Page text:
Is email really private?

Is email really private


Every day hundreds of millions of emails are sent. Some of the emails contain mundane items like the latest sale on airline fares. Other emails may contain personal, financial and healthcare information you don’t want anybody else to see.

What most people don’t realize is a vast majority of the email on the internet is unencrypted and open for anybody to read or harvest information from. A majority of users have Yahoo mail or Gmail accounts but retrieve their messages on their smartphones or desktop email clients. As emails move across the internet, hopping from server to server, your emails are duplicated and stored unencrypted.

So, why do people and companies want to read your emails and harvest your information? Its simple, to make money legally through sending you ads or illegally by stealing your assets. The more information that data harvesters find out about you, the finer the targeting mechanism can be used on you. A bulk phishing email from a foreign prince asking you for assistance to transfer assets into the country is much less effective than a fake email from your boss telling you to pay the attached invoice from a new vendor. Both emails are bogus, but the second email is spear phishing by specifically targeting you from a known sender.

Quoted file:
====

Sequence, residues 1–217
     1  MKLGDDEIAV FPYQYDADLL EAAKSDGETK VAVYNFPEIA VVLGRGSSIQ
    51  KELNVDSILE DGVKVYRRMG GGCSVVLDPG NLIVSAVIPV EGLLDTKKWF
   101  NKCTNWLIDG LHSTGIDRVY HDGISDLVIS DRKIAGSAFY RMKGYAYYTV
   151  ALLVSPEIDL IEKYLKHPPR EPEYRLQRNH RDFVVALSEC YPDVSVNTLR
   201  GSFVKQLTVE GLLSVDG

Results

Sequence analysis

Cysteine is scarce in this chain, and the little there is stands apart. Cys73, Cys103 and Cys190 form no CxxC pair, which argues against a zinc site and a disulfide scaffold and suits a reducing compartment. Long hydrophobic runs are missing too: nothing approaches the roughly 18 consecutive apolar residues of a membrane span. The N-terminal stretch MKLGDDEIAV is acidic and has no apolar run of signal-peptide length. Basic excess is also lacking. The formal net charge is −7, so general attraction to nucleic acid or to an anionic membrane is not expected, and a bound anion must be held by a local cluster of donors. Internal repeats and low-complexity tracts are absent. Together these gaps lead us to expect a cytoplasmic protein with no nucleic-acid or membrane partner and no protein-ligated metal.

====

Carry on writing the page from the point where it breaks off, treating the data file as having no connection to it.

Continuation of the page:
What can you do to prevent your privacy loss?
First, be aware nothing is ever free, including email services. Recently, Google disclosed that 3rd party apps had access to Gmail emails for data analysis. Somebody somewhere has to make money. Even if the email itself is private, apps layered on top to remind you of appointments, find you shopping and travel deals, be your personal assistant or get you dates, may be harvesting your personal information and sharing it with unknown third parties. Second, find your email providers privacy policy and go over it with a fine toothed comb. Most companies offer a means to opt out of their data collection, but if data collection is the prime function of the app, opting out may render the app crippled or useless.

Email may be indispensable in today’s modern life, but you can limit the value of your harvested information to the data harvesters. Be careful with your personal information and know who is receiving your information. Turn off third party sharing in your browser and check the terms of use agreement with your service providers. If browsing, entertainment or email service doesn’t require your shopping habits, location, browsing history, etc, change your app settings, don’t give it to them.

Using privacy software like PrivatizeMe will disrupt third party data harvesting and obscure the digital fingerprint of your device when checking your email via a browser. If you can’t be identified, targeted or spear phishing attacks directed towards you are much more difficult. To some extent there is safety in numbers by being part of the herd.

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